Text

to include such historical context – but whether

issue 7

names should reappear – since it might be useful

77


RetroSpect: ca. 1865 Text as image: A Portrait of Abraham Lincoln

I

by Georgia B. Barnhill, Director, Center for Historic American Visual Culture, American Antiquarian Society

n 19th-century America, the ability of young men to write with a clear hand was important for success in business. In the middle decades of the century, entrepreneurs, including William H. Pratt, established schools in major urban areas to teach writing skills to a generation of clerks in the pretypewriter era. He was also a masterful penmanship teacher and designed this portrait of Abraham Lincoln using the text of the Emancipation Proclamation.

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William H. Pratt of Davenport was active in Davenport scientific circles and submitted articles to the Academy of Natural Sciences. The 1860 city directory listed Joseph C. Lopez and Pratt as the proprietors of the Davenport Commercial College. Since Pratt is listed in the 1867 directory simply as a “teacher of penmanship,” it is likely that the College did not survive the economic stresses and dislocations of the Civil War. Not many young men were available to learn accounting procedures or a careful clerical hand. The Proclamation of Emancipation and a similar piece featuring a portrait of George Washington crafted of the text of the Declaration of Independence would have been great advertisements for his skills as a master calligrapher and teacher of penmanship. Portraits of Abraham Lincoln fulfilled a national need for images of the nation’s leader during the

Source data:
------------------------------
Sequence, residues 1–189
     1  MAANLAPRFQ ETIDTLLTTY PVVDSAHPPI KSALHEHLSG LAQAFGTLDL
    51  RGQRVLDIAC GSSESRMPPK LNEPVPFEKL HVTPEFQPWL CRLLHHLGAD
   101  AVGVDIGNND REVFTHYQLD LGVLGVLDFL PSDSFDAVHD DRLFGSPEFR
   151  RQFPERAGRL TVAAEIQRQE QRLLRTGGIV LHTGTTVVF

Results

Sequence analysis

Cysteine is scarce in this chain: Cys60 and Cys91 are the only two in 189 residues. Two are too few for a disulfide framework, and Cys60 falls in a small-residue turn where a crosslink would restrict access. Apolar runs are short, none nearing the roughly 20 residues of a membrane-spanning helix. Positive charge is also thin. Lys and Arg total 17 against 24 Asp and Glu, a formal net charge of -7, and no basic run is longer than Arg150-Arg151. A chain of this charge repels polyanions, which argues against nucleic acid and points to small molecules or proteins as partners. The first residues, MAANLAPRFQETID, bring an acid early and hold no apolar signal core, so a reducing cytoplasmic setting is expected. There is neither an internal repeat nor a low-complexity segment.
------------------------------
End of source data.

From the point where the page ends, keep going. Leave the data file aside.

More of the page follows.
Civil War. This masterful calligraphic portrait turns superb penmanship into a recognizable portrait of the president. This print was probably published after Lincoln’s assassination. The lithographer, Augustus Hageboeck was active as a commercial printer in Davenport, Iowa, from 1861 into the 1880s. At times, Augustus worked with his brother John. They printed city views, railroad stock certificates, and labels for customers in the region. This is an unusual print for them or any other lithographic printer or engraver. The American Antiquarian Society has a fine collection of penmanship books as well as some examples of the calligraphic art in its manuscript and graphic arts collections. w Further reading William E. Henning, An Elegant Hand: The Golden Age of American Penmanship and Calligraphy. New Castle, Delaware: Oak Knoll Press, 2002. Explore the AAS website www.americanantiquarian.org (Right) Proclamation of Emancipation. Abraham Lincoln. Davenport, Iowa: Lithograph by A. Hageboeck, 1865. Copyrighted by W. H. Pratt. Courtesy of the American Antiquarian Society.


GLIMPSE www.glimpsejournal.com

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issue 7 Text

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GLIMPSE | issue #7, winter 2011 | Text  

GLIMPSE issue 7 explores the evolution of written language, from its earliest appearance to its current and unique forms. Contributors to th...